Venice, a city in northeastern Italy, is world-famous for its picturesque location, architecture and of course, artistic glass objects, especially made on the island of Murano. The glassware produced on this island stands above others in terms of the elegance of products, the craftsmanship of glassmakers and the wide variety it offers. As far as the quality of Murano glass is concerned, you can notice exceptional difference in transparency, homogeneity, decolourisation, and range of colours.
Since the beginning of the glassware production in Venice in the ninth century and its subsequent shift to Murano in the thirteenth century, the Venetian glassmaking industry has seen both prosperity and adversity in equal measures. While the industry was at its peak from fifteenth to seventeenth century, there was an era of sharp decline and the following rise in fortunes in centuries thereafter. In the twentieth century as well as in recent times, the art of Italian Murano glass has witnessed a sort of renaissance.
Before delving into the raw materials used in the ancient Murano glassware production, let’s take a look the characteristics of glass that set it apart from other materials, particularly metals. The specialty of glass lies in the manner of its solidification. It gets converted from the liquid state at temperatures as high as 1400 degree Celsius to the solid state very slowly. Due to this long gap during which the glass remains fairly malleable (paste-like), the glass masters are able to create stunning shapes of their choice. In the end, the object will have the rigidity of the solid and the transparency of the liquid at the same time.
Murano glass is generally obtained from the melting batch or mixture that consists of raw materials, primarily silica sand (around 70% by weight), soda ash and calcium carbonate. Other raw materials that a glassmaker might add to the mixture include sodium to create an opaque glass surface, nitrate and arsenic to get rid of bubbles, and colouring substances. For your information, the materials that facilitate the lowering of temperature are known as ‘fondenti’ (flux or melting agents). The mixture is then introduced in a crucible of refractory material contained in a furnace where a melting cycle is carried out up to a temperature of about 1400 degree Celsius.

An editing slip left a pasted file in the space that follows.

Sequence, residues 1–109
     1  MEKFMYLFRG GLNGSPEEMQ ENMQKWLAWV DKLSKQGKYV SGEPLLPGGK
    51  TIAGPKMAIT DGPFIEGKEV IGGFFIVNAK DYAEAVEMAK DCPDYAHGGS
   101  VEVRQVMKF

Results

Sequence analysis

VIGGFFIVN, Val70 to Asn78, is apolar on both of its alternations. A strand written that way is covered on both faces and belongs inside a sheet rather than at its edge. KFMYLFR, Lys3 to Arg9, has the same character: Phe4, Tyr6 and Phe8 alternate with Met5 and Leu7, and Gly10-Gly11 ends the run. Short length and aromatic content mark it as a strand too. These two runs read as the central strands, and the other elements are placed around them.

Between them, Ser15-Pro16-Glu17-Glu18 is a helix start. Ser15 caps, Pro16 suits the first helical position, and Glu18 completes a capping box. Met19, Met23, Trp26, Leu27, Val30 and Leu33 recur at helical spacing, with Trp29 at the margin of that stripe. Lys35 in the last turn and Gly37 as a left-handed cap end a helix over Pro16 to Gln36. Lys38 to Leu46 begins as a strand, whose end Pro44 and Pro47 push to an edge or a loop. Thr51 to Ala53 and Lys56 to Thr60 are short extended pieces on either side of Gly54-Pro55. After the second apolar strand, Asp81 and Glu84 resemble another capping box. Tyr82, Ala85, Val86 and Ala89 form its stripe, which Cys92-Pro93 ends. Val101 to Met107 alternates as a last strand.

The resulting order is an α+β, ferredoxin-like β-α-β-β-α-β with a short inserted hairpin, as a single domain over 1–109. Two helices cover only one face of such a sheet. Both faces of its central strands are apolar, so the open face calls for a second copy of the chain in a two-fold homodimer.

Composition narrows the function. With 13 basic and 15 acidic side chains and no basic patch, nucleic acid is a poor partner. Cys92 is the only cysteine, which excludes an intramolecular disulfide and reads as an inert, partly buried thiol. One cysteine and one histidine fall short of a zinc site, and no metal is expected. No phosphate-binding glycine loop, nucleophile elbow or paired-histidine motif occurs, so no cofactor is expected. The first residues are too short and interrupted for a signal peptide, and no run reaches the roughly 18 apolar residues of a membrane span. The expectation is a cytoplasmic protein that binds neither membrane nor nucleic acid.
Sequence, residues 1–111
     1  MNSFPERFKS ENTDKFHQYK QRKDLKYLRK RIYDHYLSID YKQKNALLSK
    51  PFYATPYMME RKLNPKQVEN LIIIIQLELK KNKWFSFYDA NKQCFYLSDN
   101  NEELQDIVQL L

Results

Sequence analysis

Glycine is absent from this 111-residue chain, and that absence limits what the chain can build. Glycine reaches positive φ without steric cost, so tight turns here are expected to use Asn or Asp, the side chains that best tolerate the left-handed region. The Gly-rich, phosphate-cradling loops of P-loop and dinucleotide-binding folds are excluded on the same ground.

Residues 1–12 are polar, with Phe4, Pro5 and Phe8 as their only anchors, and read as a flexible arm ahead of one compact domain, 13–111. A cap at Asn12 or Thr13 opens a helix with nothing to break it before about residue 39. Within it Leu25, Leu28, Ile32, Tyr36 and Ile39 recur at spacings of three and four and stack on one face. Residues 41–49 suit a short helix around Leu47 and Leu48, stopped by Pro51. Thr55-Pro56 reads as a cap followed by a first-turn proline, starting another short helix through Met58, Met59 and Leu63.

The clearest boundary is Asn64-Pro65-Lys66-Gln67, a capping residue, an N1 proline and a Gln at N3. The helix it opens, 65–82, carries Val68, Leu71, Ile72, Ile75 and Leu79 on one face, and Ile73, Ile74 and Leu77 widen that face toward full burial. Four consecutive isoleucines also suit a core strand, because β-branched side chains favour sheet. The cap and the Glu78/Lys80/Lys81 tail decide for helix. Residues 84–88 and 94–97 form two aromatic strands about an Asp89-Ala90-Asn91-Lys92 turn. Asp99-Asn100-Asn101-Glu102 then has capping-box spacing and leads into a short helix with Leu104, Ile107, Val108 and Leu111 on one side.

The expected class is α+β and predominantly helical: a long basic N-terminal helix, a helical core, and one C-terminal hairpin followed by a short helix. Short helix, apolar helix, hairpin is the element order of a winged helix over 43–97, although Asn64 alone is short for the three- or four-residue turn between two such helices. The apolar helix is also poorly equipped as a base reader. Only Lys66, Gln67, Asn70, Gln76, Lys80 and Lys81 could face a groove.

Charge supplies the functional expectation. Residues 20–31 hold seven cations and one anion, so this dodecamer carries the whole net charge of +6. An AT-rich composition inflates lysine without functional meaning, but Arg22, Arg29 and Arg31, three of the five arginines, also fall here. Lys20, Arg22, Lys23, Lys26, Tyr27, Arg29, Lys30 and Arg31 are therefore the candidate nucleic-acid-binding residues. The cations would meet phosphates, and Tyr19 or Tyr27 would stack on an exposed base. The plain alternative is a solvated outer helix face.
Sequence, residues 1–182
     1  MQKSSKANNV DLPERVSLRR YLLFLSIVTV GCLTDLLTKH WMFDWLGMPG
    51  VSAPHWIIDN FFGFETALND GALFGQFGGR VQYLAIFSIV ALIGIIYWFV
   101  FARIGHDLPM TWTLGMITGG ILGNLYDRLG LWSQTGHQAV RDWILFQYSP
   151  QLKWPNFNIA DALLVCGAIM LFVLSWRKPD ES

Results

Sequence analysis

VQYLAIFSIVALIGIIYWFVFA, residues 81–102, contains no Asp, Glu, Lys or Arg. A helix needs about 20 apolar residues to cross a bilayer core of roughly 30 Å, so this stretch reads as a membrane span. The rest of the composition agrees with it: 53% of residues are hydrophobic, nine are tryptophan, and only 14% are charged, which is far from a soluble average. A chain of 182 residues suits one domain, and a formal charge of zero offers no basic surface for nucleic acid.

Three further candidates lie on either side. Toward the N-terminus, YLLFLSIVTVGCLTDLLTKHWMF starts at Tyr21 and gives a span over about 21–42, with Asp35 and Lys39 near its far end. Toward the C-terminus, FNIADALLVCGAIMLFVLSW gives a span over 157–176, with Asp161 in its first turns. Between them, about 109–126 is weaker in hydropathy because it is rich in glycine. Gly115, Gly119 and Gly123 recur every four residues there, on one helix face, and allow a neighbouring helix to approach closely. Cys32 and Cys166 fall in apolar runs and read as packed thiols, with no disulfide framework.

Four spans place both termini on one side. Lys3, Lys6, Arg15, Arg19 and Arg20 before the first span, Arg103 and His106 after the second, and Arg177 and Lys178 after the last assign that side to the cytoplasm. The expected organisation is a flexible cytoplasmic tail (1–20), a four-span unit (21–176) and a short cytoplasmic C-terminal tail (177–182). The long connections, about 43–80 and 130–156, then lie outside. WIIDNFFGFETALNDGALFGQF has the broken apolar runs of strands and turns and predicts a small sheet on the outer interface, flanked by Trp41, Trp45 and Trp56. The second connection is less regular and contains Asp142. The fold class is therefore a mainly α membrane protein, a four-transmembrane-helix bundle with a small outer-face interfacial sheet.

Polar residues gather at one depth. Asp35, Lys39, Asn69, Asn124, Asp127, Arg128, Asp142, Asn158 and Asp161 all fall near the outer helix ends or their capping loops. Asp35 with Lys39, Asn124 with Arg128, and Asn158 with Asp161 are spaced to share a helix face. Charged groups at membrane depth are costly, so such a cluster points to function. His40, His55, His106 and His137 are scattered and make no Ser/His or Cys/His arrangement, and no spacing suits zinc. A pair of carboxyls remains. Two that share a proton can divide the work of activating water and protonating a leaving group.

Until the fourteenth century, sand was the primary source of silica. However, this silica source was marred by problems like complicated and variable composition. So, in a quest for better-quality silica source, quartz pebbles took the place of sand from the middle of fourteenth century. These pebbles were particularly sourced from the river Ticino. From the eighteenth century, sand quarries of Istria and Dalmatia (sands of Pula and Lissa) were also used.
When it comes to the flux or melting agent, the foremost choice had always been Venice soda or sodium carbonate, contained in the ash obtained from the combustion of coastal plants. The ash can be according to the type of plant from which it comes, sodium or potassium. In particular, the ashes used in Venice came from the family of coastal halophytic plants (Salsola kali, Salicornia, etc.). However, to preserve the quality of Murano glass, a decree of the Council in 1306 prohibited the use of the ashes of continental plants such as ferns, owing to their many drawbacks like variations in compositions and greater quantities of colouring agents. Hence, the Venetian glassmaking industry started importing soda ash from Syria and Egypt. The Egyptian import being less pure was used for low-quality glass only. From the seventeenth century, the soda ash was imported from Spain and southern France. In the nineteenth century, the industrial production of artificial soda was begun.
Until the end of the eighteenth century, glassmakers had no idea of the importance of stabilizers such as calcium carbonate. As a matter of fact, they unintentionally introduced this compound in the batch with the flux. In the ash like the ‘”alum Syria” or “alum bowl”, calcium carbonate was present in percentages almost equivalent to the sodium carbonate.
Cullet is actually the glass that is smashed and prepared to be melted again. It is a part of glass recycling process. Even in ancient times, and especially in the Middle Ages, the cullet was widely used by Venetian glassmakers to facilitate the merger. It was largely imported from the East and often recast in the Venetian furnaces.
Other Raw Materials
• Lead “brusado” was employed to produce the leaded glass. The lead oxide (PbO) was obtained by heating the metallic lead.
• The “grepola” (tartar barrels) consisting of potassium tartrate was used in small quantities as such or calcined in colored glass or as a flux.
• Manganese was used as a bleaching agent and in greater quantities as a colorant; the most valuable was the manganese of Piedmont.
Some Raw Materials Used as Colourants
• Crocco (iron oxide) was used to obtain yellow and green/blue colour in the glass.
• Ramina red and black (copper oxide) was used for blue, green and red.
• Manganese was used for violet.
• Sulfur was used for yellow-amber.
• Zaffera (mixture of sand and Cobalt oxide) was used for blue.
• Silver was used for yellow.
• Gold was used for ruby red.
Some Raw Materials Used as Opacifiers
• Mixture of lead and tin: Opacifying is obtained by roasting a mixture of lead and tin metal.
• Animal bones calcined: Opacifying is obtained by calcium phosphate used in the sixteenth century.
The aforesaid raw materials were an integral part of Italian Murano glass production for the last eight centuries. Today, the Venetian glassmaking has gone through several revolutionary changes which will be explained in another post. Till then, you may browse through an amazing selection of genuine Murano glass table lamps, chandeliers, sculptures, vases, plates and jewellery at Originalmuranoglass.com and order some masterpieces at competitive prices from there.